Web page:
PHILOSOPHIES AT WAR
by Fulton J. Sheen
Charles Scribner’s Sons, NY, 1943
Available to read online here
What strikes this reader of Fulton Sheen’s 1943 book, Philosophies at War, is its agreement with B.A. Santamaria’s Philosophies in Collision, which had its origins in a paper B.A. gave in 1973. (This paper is now available again in The Best of News Weekly.) Both men are writing of the times in which they live and diagnosing the ailments that are besetting their societies, in the one case in the United States during World War II, in the other in the Australia of the 1970s upheavals, and suggesting similar lines of defence and renewal.
And both see the root of the ailments as a civilisational crisis which is manifesting itself in the exact same tendencies in all parts of social and family life.
The other point to note in this regard is how closely relevant to today is nearly every issue Sheen writes about.
Sheen’s clarity of language and logical ordering of his arguments is exemplary and makes the book extremely readable.
These elements make for such a rich mix that it is possible to glean gems of wisdom from practically every page. The quotes below are drawn almost at random as I reread the text:
“There are two ways of looking at the war [World War II, then raging]: one as a journalist, the other as a theologian. … Our approach is from the divine point of view, first of all, because it is the only explanation which fits the facts.” (p1)
“This war is not merely a political and an economic struggle, but rather a theological one. … it is not just the means of living that have gone wrong, but the ends of living.” (p2)
“This war is not an interruption of the normal; it is rather the disintegration of the abnormal.” (p5)
“We will not get back again to the same kind of a world we had before this war, and he who would want to do so, would want the kind of world that produced Hitler.” (p6)
“The sad and tragic fact is that modern man under sufficient stress, and even amidst comforts spiced with lust, will do deeds of evil as terrible as anyone recorded in history. Barbarism is not behind us; it is beneath us.” (p49)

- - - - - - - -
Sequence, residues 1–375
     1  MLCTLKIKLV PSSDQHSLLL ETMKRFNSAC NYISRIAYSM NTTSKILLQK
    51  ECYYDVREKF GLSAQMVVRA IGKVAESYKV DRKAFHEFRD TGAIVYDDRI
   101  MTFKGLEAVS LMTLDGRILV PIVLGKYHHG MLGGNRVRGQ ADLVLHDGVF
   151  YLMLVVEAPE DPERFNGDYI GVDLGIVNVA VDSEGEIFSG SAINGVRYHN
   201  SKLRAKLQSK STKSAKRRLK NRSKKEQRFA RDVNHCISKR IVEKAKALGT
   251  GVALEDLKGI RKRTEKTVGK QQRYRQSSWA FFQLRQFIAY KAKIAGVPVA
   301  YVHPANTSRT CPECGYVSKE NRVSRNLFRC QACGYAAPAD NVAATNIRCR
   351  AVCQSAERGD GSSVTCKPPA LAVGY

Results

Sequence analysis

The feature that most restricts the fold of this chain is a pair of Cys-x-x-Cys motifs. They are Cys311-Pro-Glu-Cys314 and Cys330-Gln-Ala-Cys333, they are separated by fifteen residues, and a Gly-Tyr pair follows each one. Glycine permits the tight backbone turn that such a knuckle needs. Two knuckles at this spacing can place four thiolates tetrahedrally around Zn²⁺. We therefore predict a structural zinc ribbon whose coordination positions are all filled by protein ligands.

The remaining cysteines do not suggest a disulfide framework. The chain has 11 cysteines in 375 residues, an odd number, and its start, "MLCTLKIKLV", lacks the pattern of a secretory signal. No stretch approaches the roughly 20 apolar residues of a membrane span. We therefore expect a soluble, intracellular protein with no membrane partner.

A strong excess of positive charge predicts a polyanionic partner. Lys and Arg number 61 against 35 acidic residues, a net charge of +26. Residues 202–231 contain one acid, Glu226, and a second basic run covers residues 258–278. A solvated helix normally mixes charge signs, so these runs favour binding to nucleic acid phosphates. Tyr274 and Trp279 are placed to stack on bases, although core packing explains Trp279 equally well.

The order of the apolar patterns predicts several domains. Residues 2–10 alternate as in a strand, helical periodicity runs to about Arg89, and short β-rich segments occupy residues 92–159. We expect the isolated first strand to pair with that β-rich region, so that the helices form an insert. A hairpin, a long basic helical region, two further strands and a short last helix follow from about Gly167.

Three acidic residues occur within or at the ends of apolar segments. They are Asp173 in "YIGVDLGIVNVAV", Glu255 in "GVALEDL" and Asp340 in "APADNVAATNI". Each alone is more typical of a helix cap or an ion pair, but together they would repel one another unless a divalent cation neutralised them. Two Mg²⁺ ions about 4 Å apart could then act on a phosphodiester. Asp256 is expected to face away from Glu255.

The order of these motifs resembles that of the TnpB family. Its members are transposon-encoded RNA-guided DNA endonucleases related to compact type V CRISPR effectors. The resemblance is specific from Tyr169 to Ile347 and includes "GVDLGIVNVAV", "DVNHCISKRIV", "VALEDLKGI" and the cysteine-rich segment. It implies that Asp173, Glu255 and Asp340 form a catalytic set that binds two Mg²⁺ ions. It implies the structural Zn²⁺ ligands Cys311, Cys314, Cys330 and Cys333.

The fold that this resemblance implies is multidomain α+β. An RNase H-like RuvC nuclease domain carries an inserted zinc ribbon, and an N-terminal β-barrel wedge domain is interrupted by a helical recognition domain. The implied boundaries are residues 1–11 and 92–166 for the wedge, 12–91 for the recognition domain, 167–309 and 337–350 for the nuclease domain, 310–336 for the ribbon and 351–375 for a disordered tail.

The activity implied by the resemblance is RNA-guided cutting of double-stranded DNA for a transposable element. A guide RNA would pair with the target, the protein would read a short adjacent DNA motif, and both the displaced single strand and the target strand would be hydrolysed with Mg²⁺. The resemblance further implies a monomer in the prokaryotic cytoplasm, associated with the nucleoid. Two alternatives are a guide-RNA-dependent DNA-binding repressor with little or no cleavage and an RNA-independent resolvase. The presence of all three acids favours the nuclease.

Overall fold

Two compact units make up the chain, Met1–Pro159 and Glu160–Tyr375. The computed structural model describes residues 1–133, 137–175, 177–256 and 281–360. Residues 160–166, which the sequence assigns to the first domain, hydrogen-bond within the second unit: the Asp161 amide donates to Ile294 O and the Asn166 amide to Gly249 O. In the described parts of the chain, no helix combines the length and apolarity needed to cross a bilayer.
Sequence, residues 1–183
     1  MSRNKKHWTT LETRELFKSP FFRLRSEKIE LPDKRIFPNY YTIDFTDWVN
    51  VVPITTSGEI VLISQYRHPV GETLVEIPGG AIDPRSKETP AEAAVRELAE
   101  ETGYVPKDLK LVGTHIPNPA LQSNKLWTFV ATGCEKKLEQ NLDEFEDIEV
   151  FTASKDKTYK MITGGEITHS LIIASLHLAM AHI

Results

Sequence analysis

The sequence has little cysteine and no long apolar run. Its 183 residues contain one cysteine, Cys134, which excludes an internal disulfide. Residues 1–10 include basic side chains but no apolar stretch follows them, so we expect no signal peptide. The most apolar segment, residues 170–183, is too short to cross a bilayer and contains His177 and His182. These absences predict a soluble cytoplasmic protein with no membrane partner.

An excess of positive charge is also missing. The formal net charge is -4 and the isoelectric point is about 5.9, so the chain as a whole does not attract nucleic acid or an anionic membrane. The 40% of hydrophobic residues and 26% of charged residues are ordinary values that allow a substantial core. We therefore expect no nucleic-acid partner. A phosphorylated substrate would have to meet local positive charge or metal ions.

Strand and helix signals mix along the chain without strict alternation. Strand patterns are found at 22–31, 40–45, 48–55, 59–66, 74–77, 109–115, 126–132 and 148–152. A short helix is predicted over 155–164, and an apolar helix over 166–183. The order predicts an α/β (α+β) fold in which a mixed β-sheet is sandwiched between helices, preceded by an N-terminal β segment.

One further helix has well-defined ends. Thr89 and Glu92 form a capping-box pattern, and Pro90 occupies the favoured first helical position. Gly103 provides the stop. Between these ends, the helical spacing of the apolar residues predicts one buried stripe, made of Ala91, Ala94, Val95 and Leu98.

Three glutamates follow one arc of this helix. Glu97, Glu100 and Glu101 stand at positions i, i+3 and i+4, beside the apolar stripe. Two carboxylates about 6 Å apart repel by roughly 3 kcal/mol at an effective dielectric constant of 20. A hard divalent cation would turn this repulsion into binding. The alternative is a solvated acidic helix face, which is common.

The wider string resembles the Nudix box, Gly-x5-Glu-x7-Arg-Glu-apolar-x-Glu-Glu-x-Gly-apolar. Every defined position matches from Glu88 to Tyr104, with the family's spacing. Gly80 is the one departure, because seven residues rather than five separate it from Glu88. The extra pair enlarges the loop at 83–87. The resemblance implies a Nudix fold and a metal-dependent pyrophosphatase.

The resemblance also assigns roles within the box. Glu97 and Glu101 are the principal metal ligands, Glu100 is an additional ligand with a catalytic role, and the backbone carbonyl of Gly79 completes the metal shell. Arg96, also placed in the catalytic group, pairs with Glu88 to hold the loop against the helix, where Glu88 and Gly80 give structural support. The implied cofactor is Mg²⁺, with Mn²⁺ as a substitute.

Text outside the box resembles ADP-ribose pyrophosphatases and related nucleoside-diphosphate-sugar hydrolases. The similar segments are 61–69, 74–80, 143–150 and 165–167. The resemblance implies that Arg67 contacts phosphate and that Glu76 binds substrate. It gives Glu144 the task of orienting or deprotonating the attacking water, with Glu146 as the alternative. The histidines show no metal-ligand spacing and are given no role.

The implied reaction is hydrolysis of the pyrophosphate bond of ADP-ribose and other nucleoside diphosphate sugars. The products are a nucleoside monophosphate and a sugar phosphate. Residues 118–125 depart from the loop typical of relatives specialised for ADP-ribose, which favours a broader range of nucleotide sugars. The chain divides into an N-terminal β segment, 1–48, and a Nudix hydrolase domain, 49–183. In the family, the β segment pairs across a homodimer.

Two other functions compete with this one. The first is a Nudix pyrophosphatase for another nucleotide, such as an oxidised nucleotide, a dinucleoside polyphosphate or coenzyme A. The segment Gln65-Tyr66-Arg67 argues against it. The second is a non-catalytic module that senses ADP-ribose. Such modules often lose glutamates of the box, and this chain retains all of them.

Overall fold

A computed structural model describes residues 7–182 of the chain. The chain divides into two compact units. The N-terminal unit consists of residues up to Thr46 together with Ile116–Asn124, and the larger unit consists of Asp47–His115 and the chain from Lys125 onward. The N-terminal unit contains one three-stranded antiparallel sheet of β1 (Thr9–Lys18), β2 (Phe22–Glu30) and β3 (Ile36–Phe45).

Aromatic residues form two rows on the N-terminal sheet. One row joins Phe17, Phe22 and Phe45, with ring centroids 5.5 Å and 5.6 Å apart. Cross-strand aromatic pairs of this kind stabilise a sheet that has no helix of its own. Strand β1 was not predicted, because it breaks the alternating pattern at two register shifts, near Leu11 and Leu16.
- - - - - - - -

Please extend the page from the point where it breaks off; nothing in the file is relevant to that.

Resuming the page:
“Every freedom is for the sake of bondage – to a fellow creature, to the mob, to Hitler, or to God Who alone can make us truly free. That is why freedom for freedom’s sake is meaningless. I want to be free from something, only because I want to be free for something. That is why freedom is inseparable from purpose.” (p73)
“The basic principle of the Christian order is this: economic activity is not the end of life, but the servant of human life. Therefore, the true primary end of economic production is not profit but the satisfaction of human needs.” (p102)
“The modern husband and wife, like isolated atoms, resent the suggestion that they should lose their identity in the family molecule.” (p118)
“The two most evident symptoms of the breakdown of the family are: divorce and voluntary or deliberate sterility, i.e. broken contracts and frustrated loves. Divorce destroys the stability of the family; voluntary sterility destroys its continuity.” (p120)
“Every child is a potential noble-man for the kingdom of God.” (p128)
“Since nature has associated private property in a very special manner with the existence and development of the family, it follows that the state should diffuse private property through the family that its functions may be preserved and perfected.” (p129)
“Facts are for the purpose of feeding values and the moral ends of living; but when our education is devoid of these things, we leave the facts hanging in mid-air.” (p149)
“Certainly, we have rights, but there are never any rights without duties. In fact, duties are opportunities for acquiring rights.” (p157)
“We cannot equate democracy with Christianity, but we can see that democracy can grow only the seeds which Christianity planted, and indeed from which it has historically sprung.” (p170)
The only jarring note is the pride and confidence that Sheen had in the power of the Catholic Church in the U.S. as a locus of societal renewal. And it almost comes as a shock to realise that there was a time when an American churchman could even dare to speak with such confidence in his Church. Lamentably, that pride has greatly diminished in the U.S., as it has here, where the Catholic Church is in retreat and under attack and seems divided against itself.
Although this book is almost 80 years old, it is instructive to reread today, not merely as an historical document or as an insight into the thought of a man who may one day soon be raised to the altars of the Catholic Church as Saint Fulton Sheen, but as a text that delineates problems we face today and suggests solutions that with a minimum of mental effort can be applied to our own cases.
Is it now, or then, or always?